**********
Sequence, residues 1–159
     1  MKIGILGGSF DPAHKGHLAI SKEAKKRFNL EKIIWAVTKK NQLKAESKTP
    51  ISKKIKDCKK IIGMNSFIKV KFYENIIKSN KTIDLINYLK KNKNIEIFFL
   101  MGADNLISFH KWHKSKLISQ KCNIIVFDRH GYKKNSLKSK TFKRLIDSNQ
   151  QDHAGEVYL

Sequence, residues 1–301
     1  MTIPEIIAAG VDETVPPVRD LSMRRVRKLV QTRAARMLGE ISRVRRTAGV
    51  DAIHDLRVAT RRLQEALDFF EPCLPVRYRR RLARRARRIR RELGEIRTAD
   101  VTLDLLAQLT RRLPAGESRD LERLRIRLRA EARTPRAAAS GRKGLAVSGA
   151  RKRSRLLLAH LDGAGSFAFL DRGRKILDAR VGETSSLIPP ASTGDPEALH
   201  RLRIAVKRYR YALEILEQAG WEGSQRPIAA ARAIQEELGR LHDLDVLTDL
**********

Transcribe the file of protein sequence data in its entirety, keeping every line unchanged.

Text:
Sequence, residues 1–159
     1  MKIGILGGSF DPAHKGHLAI SKEAKKRFNL EKIIWAVTKK NQLKAESKTP
    51  ISKKIKDCKK IIGMNSFIKV KFYENIIKSN KTIDLINYLK KNKNIEIFFL
   101  MGADNLISFH KWHKSKLISQ KCNIIVFDRH GYKKNSLKSK TFKRLIDSNQ
   151  QDHAGEVYL

Sequence, residues 1–301
     1  MTIPEIIAAG VDETVPPVRD LSMRRVRKLV QTRAARMLGE ISRVRRTAGV
    51  DAIHDLRVAT RRLQEALDFF EPCLPVRYRR RLARRARRIR RELGEIRTAD
   101  VTLDLLAQLT RRLPAGESRD LERLRIRLRA EARTPRAAAS GRKGLAVSGA
   151  RKRSRLLLAH LDGAGSFAFL DRGRKILDAR VGETSSLIPP ASTGDPEALH
   201  RLRIAVKRYR YALEILEQAG WEGSQRPIAA ARAIQEELGR LHDLDVLTDL